The Chishti Order (Persian: چشتیہ ) (tariqa) was founded by Khawaja Abu Ishaq Shami ("the Syrian") (d. 941) who brought Sufism to the town of Chisht, some 95 miles east of Herat in present-day Afghanistan. Before returning to the Levant, Shami initiated, trained and deputized the son of the local Amir, (Khwaja) Abu Ahmad Abdal (d. 966). Under the leadership of Abu Ahmad’s descendants, the Chishtiyya as they are also known, flourished as a regional mystical order.

The foundation of the order is generally also ascribed to Mu'in al-Din Chishti (c.1142-1236), a native of Sijistan. 

The Chishtis use vocal music in their religious services, and wear clothes dyed with ochre or the bark of the acacia tree.

History and Development

The movement benefited from the successive leadership of a number of famous figures, some of whom are venerated as saints. Two of these leaders - Nizam al-Din Auliya (d. 1325) and Alauddin 'Ali ibn Ahmad Sabir (d. 1291) - established their own branches of the order respectively known Nizamiyyah and Sabiriyyah. These two branches were instrumental in the spread of the order into and throughout India. Over time the movement gradually went into decline, but was revived at the beginning of the nineteenth century by Khwaja Nur Muhammad. Although the order remains one of the most important tariqas in India it has not expanded major influence beyond India and Pakistan.  The tomb of Mu'in al-Din Chishti at Ajmer remains to this day a place of popular pilgrimage.

The early Chishti Sufis of India had adopted the Awarif-ul-Ma'arif of Hazrat Sheikh Shihabuddin Suhrawardi as their chief guide book. On it was based the organization of their khanaqahs and the elder saints taught it to their disciples. The Kashf-ul-Mahjoob of Hazrat Ali Hujwari of Lahore was also a very popular work. Hazrat Nizamuddin Aulia used to say: "For one who has no spiritual guide, the Kashf-ul-Mahjoob is enough". Besides these two works, the Malfoozaat (conversations) of Hazrat Nizamuddin Aulia, Naseeruddin Chiragh, Burhanuddin Gharib and Syed Mohammed Gesu Daraz give a fairly accurate idea of the Chishti mystics' ideology.

Even today the Etiquettes (Adabs) of the Chishti Sufis reflect the influence of the Kashf-ul-Mahjoob Kashf-ul-Mahjoob.


The cornerstone of Chishti ideology is the concept of Unity of God. It supplies the motive force to their mystic mission and determines their social outlook. The early Chishti saints however did not write anything about these concepts, but Masud Baksh's Mir'at-ul-Arifeen and his poetical diwan, Nur-ul-Ain, gave currency to these ideas and his works became popular study in the Chishti khanaqahs.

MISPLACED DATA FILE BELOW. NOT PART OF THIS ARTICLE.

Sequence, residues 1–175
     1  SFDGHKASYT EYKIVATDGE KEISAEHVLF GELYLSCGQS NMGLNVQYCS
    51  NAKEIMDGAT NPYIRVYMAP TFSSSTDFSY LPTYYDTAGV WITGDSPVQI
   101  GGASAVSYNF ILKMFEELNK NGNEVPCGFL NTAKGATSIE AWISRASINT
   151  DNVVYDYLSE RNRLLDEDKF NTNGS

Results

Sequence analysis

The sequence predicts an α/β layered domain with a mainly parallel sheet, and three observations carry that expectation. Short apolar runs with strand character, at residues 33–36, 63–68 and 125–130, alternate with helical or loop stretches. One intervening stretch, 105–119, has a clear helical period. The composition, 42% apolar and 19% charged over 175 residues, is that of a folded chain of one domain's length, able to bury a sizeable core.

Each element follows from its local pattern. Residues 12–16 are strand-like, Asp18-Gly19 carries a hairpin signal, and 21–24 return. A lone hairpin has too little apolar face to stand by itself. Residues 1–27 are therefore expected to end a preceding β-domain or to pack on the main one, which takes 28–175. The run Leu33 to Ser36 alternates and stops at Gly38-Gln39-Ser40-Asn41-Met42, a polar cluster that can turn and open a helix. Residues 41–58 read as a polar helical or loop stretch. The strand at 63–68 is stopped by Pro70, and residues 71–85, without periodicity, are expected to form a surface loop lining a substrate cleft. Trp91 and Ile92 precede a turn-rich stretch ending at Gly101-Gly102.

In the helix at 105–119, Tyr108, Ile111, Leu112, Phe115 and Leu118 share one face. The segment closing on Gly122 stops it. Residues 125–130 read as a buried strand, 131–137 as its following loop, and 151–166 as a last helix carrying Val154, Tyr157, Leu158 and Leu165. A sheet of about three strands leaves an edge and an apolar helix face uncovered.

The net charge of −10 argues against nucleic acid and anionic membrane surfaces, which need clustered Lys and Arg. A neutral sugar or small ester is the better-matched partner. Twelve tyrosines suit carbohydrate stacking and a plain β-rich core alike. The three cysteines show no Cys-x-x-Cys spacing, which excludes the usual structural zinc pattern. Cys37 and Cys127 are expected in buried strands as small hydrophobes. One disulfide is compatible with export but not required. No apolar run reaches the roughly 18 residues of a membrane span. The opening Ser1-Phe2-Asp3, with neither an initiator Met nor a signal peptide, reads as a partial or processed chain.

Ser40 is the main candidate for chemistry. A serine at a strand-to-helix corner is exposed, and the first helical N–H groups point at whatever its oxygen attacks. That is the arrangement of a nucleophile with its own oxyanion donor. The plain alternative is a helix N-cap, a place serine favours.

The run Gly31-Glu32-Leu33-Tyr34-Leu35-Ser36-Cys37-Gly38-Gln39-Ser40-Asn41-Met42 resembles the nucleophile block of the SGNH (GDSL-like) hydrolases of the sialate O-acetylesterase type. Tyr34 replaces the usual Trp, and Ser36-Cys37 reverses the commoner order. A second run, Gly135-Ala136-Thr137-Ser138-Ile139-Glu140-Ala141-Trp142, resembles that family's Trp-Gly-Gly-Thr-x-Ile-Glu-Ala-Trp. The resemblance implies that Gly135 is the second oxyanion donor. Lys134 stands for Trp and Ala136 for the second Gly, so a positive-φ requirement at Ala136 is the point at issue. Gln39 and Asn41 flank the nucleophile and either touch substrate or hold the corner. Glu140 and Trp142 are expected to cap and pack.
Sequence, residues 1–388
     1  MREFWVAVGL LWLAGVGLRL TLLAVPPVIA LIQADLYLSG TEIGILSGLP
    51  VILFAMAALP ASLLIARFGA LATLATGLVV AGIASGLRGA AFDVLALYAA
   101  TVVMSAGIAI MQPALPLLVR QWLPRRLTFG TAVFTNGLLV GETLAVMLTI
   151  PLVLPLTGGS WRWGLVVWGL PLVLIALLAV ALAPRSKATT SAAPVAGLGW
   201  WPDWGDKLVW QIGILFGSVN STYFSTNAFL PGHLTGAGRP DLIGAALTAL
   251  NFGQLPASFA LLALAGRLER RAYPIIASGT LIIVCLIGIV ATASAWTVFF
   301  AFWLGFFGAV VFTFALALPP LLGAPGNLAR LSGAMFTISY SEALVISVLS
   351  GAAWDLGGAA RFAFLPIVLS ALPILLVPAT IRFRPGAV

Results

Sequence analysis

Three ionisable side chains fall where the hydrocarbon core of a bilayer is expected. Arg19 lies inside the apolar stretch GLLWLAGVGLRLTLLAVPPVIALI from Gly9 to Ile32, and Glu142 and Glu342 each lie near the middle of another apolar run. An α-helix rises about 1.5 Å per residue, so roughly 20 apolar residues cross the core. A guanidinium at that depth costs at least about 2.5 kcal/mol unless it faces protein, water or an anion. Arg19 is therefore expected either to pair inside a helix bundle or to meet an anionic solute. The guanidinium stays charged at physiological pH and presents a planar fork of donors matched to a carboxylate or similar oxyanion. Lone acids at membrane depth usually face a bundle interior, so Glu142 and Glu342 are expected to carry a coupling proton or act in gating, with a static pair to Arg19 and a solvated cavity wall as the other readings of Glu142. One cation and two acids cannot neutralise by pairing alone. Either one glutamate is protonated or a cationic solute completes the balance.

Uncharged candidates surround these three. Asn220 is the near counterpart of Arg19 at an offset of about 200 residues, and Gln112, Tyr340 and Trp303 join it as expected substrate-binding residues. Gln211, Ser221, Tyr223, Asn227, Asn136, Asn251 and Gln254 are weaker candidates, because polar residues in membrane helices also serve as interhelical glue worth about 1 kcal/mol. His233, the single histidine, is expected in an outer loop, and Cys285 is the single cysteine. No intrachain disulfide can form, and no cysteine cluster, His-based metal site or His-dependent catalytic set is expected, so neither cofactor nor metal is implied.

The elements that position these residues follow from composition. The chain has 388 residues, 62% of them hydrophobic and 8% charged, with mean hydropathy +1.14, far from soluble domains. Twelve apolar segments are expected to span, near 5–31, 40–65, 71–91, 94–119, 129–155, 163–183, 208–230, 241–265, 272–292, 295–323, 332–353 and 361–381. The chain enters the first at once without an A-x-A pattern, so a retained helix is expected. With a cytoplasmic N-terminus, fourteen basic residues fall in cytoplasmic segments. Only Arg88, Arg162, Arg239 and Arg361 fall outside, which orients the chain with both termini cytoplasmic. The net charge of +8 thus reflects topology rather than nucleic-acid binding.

The Chishti Order is also known for the following principles:

Obedience to shaykh/pir
Renunciation of the material world
Distance from worldly powers
Sama (or musical assemblies)
Prayers and fasting
Service to humanity
Respect for other devotional traditions
Dependence on the Creater and not the creation
Disapproval of showing off miraculous feats

The Chishtis look down upon possession of property and pursuit of materialism as a negation of faith in God. They reject worldly goods and material attractions (tarke-danya) and live on futuh (voluntary offerings) which are never demanded as charity.

The Chishti Sufis believe in a peaceful attitude towards life, and consider retaliation and revenge as laws of the animal world. They live and work for a healthy social order, free from all dissensions and discriminations. Contact with the state is greatly discouraged. "There are two abuses among the mystics," says an early Chishti mystic, "jirrat and muqallid. Muqallid is one who has no master; jirrat is one who visits kings and their courts and asks people for money".

The great objective of a mystic's life, according to Chishtis, is to live for the God alone. One should neither hope for Heaven nor fear Hell. Man's love towards God may be of three kinds: (a) Mohabbat-e-Islami i.e. love which a new convert to Islam develops with God on account of his conversion to the new faith; (b) Mohabbat-e-nuwahhibi, i.e. love which a man develops as a result of his effort in the way of following the Holy Prophet Muhammad; (c) Mohabbat-e-khass, i.e. love which is the result of cosmic emotion. A mystic should develop the last one.

The Chishti mystics do not demand formal conversion to Islam as a pre-requisite to initiation in mystic discipline. Formal conversion, they believe, should not precede, but follow a change in emotional life. The Chishti attitude contrasts sharply with, for example, the Suhrawardi principles in this respect.

The guiding principles of the Chishti Order are encapsulated in the famous "Final Sermon" of Khwaja Muinuddin Chishti, delivered just one month before his demise.

Chishtiyyah groups continue to exist in India and Pakistan.

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